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A New Kid in Town

Swann Galleries joins the contemporary art frenzy
Judd Tully
From the Print Edition:
Kevin Spacey, Jan/Feb 02

In the red-hot auction arena of contemporary art, price is often a prohibitive factor for potential collectors. Last May in New York, for instance, a wax-and-resin effigy of a fully costumed Pope John Paul II by the Italian conceptual artist Maurizio Cattelan fetched a record $886,000 at Christie's, and a rare Abstract Expressionist painting by Jackson Pollock sold for almost $8 million at rival Sotheby's. But now, a boutique-sized Manhattan auction house has entered the contemporary fray with decidedly lower-priced offerings and a strategy to draw in new buyers.

"We see ourselves as filling a market niche that is typical of what we do for prints and photographs," says Daile Kaplan, vice president and director of photographs for Swann Galleries, who has spearheaded the move to contemporary art with Todd Weyman, the director of works on paper. "We're looking at material that's going to sell in the $5,000 to $120,000 range instead of the half-million to six million dollar price range." The focus, says Kaplan, will be "multimedia and multifaceted," with photo-based artworks, individual photographs, lithographic multiples, drawings and sculpture by late-twentieth-century artists. "We're casting a wide net of what we mean by contemporary art," she notes.

While other artistic movements are well defined, contemporary art is "definitely a gray area," says Kaplan, who moonlights on the hit PBS television series "Antiques Road Show." "Everyone has a different idea of what they think it is, but I'd describe it as a style and a practice that is recognizable because of the tools, the subject matter and references employed. So looking at a date isn't as useful as drawing on these other attributes."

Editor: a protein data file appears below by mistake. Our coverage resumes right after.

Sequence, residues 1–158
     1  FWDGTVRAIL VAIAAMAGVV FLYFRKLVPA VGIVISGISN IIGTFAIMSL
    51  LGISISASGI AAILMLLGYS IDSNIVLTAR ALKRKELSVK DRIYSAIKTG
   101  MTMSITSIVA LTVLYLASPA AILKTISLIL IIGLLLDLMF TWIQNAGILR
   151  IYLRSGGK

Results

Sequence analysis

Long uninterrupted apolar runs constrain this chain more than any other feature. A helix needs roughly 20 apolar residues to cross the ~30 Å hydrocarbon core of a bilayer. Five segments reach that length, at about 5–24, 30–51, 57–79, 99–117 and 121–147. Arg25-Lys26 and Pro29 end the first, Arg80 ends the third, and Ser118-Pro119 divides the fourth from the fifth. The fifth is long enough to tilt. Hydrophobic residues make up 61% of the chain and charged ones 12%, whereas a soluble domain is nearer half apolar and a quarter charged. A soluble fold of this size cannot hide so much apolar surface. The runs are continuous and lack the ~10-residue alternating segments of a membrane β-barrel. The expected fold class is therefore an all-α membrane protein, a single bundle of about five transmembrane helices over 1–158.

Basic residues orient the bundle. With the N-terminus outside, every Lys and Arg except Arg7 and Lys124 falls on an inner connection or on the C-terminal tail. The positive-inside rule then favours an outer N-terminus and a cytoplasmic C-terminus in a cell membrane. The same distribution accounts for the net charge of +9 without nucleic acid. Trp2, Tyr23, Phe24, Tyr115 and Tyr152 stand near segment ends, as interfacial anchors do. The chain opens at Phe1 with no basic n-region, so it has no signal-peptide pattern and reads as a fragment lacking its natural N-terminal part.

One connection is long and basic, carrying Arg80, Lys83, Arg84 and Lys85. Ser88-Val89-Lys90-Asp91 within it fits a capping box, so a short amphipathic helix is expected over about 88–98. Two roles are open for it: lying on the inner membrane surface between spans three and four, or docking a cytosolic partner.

Nevertheless, the international art market generally pegs the time boundaries of contemporary art from 1945 forward, embracing both dead and living artists. The former category ranges from Mark Rothko and Jackson Pollock to Roy Lichtenstein and Andy Warhol. The latter category includes painters, performance artists, photographers and sculptors, from American sensations, such as Jeff Koons and Cindy Sherman, to British imports Damien Hirst and Rachel Whiteread. The definition debate swirls on as Christie's recently unveiled a selling category called Post-War art to include the Abstract Expressionists and Pop Artists while corralling contemporary art from roughly the mid-'60s onwards. Sotheby's also subscribes to the 1945-and-onward definition.

Swann's entry into the contemporary art world came on November 13, when it offered artworks ranging from Lichtenstein's circa 1965 Sunrise, a blue-pencil lithograph for New York's Castelli Gallery, to Cy Twombly's 1950 oil painting Portrait of Thomas Brown Wilber. Kaplan called the sale "a critical success" that attracted many new buyers, but admitted she was disappointed by the results. The auction generated a rather anemic $425,615 against pre-sale expectations of about $825,000 to $1.2 million.

The top-selling work was a large and gushingly decorative David Hockney lithograph from 1980, Afternoon Swimming, which sold for $34,500, which included the buyer's premium (estimate $40,000-$60,000). It instantly captures an idyllic L.A. day at poolside, lush with Southern California landscaping.

Another piece that drew attention was Francesca Woodman's evocative photographic montage from 1980, A Fashion Picture, which fetched $25,300 (est. $25,000-$30,000). Woodman committed suicide in 1981 at the age of 22, and her self-portrait-based works are increasingly sought after, having cracked $50,000 at previous auctions. Kaplan describes the blue-tinted montage as a "pictorial letter," representing a moment when the artist was trying to break into the fashion industry.

Traditional oil painting got its due with Twombly's dashing portrait of a young art student, which earned $29,900 (est. $40,000-$60,000). The fresh-to-market painting, a big plus in the collecting world, hailed from the estate of the sitter, who became an art historian and collector of Old Master prints. A number of other Twombly works from the early 1950s also attracted buyers. An untitled brush-and-ink work of plant forms on thin laid paper fetched $11,500, while Female Cat, executed in black crayon on cream wove paper, made $10,925. Twombly subsequently went on to great acclaim, and his later work has sold for more than $5 million at auction.

Another piece offered at the sale, which was one of Kaplan's favorite entries, was a Vik Muniz creation, an exquisitely detailed small drawing cleverly disguised as a photograph. The untitled graphite-and-colored-pencil drawing from 1995 is a trompe l'oeil impression of a family snapshot, circa 1950, portraying a housewife in a floral print dress, proudly holding her young daughter. The drawing realized $2,990, (est. $3,000-$5,000).

The Lichtenstein lithograph, pegged to sell for between $8,000 and $10,000, brought in $8,625.

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